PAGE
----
Behind the Lens with Nicole Franzen
Raised on the West Coast and now based in New York City, photographer Nicole Franzen has an unmistakeable aesthetic. With natural light and uncluttered composition key tools of her trade, she has worked with notable interior designers on some of the most enviable homes in the country. We spoke to her about her first love (food), the places on her travel bucket list and how she has been carefully curating her own home in the heart of Brooklyn.
What were you like as a child? Were you creatively inclined?
Since as early as I can remember, I have been very aware of my surroundings and things. In my young adolescence, I started really paying attention to the homes and spaces of my friends. Growing up in southern California in the 90s, trends like warm yellow sponged walls were what plaster and limewash are to us now. I was an only child with a single hard-working mother, so I spent time after school watching renovation and cooking shows. She worked in a furniture store and that also really sparked my interest. In high school I’d take on projects reorganizing and decorating my friends’ bedrooms (nerd alert). I’d always experiment in the kitchen and was obsessed with food. I initially went that route and got a job in a fine dining restaurant at the age of 14.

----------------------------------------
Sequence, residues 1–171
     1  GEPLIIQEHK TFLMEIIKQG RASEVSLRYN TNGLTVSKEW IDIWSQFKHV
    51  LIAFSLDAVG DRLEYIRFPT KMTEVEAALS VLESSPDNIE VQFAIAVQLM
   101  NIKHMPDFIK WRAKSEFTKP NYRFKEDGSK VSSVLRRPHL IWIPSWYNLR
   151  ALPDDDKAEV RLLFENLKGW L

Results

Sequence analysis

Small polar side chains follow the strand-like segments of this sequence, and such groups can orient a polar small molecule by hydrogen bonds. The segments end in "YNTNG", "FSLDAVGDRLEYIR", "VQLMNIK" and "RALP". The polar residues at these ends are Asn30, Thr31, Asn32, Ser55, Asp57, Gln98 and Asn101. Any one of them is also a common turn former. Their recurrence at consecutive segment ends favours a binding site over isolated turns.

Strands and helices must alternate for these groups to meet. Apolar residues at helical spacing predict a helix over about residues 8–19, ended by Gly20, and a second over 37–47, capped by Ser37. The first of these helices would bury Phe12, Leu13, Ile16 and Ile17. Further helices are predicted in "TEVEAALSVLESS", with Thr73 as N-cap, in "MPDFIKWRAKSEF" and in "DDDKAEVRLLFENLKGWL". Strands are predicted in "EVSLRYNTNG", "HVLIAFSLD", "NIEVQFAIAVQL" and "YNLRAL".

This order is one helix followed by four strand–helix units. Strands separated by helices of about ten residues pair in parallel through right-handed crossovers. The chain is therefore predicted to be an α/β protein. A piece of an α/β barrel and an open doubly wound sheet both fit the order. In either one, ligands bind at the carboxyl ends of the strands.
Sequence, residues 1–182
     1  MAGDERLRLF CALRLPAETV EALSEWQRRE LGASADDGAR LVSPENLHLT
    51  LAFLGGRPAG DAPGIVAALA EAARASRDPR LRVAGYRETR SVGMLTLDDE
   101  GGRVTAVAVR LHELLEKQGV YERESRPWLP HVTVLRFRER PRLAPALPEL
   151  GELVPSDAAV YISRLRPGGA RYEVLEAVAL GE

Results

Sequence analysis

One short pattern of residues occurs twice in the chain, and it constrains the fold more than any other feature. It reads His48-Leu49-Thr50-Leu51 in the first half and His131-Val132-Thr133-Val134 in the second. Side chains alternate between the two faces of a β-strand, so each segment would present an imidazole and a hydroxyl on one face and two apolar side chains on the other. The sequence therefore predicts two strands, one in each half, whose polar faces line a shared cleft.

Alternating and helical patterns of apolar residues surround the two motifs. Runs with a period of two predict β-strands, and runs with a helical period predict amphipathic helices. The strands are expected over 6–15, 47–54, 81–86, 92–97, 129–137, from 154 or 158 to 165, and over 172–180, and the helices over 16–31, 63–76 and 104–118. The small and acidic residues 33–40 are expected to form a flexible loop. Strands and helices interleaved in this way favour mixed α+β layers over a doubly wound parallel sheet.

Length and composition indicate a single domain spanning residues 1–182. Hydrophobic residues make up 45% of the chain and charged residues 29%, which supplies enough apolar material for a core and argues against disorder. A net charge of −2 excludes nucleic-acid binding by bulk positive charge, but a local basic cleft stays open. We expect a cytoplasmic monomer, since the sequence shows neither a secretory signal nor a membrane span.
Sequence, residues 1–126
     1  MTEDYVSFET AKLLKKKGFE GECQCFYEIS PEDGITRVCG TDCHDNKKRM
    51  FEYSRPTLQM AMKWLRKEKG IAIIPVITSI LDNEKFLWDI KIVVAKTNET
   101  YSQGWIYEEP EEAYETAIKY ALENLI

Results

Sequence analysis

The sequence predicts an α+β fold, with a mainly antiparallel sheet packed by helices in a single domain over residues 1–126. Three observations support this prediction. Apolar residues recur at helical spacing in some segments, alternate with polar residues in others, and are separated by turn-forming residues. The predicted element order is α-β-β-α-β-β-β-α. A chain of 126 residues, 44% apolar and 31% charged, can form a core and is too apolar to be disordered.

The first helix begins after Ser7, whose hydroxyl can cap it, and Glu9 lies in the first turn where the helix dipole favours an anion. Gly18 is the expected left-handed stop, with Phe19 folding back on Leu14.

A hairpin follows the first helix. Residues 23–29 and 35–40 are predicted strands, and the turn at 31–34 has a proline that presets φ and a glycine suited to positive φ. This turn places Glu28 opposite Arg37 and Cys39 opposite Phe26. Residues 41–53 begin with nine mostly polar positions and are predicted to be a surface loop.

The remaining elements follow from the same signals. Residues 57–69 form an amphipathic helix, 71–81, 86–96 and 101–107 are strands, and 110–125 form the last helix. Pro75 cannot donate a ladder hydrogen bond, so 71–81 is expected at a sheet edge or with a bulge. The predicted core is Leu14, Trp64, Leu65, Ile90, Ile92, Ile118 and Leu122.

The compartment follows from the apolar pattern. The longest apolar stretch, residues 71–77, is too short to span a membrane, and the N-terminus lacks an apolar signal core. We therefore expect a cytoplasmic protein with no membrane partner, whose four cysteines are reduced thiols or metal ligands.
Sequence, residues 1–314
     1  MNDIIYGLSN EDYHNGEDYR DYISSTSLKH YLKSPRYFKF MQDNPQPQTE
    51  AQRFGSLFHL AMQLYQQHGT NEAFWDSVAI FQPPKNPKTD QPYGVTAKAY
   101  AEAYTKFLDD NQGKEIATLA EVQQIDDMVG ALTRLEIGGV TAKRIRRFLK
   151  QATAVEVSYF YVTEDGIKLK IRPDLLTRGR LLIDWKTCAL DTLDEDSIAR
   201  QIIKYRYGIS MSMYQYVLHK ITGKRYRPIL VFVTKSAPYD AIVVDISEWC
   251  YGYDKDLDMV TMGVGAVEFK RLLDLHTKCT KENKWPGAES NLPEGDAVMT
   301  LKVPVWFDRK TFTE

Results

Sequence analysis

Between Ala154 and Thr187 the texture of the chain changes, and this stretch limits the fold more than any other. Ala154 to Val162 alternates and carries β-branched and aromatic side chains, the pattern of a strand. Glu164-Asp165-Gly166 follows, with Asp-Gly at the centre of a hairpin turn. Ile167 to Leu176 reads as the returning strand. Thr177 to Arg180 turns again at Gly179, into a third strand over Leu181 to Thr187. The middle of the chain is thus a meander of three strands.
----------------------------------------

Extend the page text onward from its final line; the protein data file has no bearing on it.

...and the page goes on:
MD Townhouse by Danielle Siggerud.
How did photography become a career path for you?
I’m a very nostalgic creature; there is something so comforting in hiding behind a lens and documenting my surroundings. When I was younger, I was mostly taking photos of people and places. I started really traveling and living abroad when I was 17. I didn’t think of photography as a profession until later and realized I could combine all my loves and do so through one medium, photography.
How would you describe your aesthetic as a photographer?
I like nice clean light, soft and ethereal. I am generally a minimalist and always try to refine and reduce. Saying that, whenever I go into a space of a maximalist who does it well it’s a real awakening of the senses and much appreciated. It’s really nice to shoot a range, it keeps things interesting.
Scarsdale Home by Monica Fried Design.
You’ve worked with some of our favourite interior designers and stylists. What makes for a great collaboration on set?
I tend to work best when both people respect and trust each other fully. It’s a bit of a dance and so important for each person to know its place and to communicate openly. When those things are in place a real nice collaboration can take place. I’m so lucky I get to work with so many talented interior designers, who inspire me daily.
The home of Nate Berkus & Jeremiah Brent.
Do you have a process for conceptualising imagery, or do you tend to come up with the
composition and framing more loosely on the day?
In a way I do, I am formulaic. I have at this point figured out what works for me. Saying that, every shoot has a new set of challenges and variables. It takes a lot of focus and decision making – creative strain on the brain, I call it. I am learning new things every day and always striving to be the best I can. Being super critical of one’s work can be both a blessing and a curse. It allows me to grow and better myself but can also be exhausting. My therapist would say I need to be kinder to myself!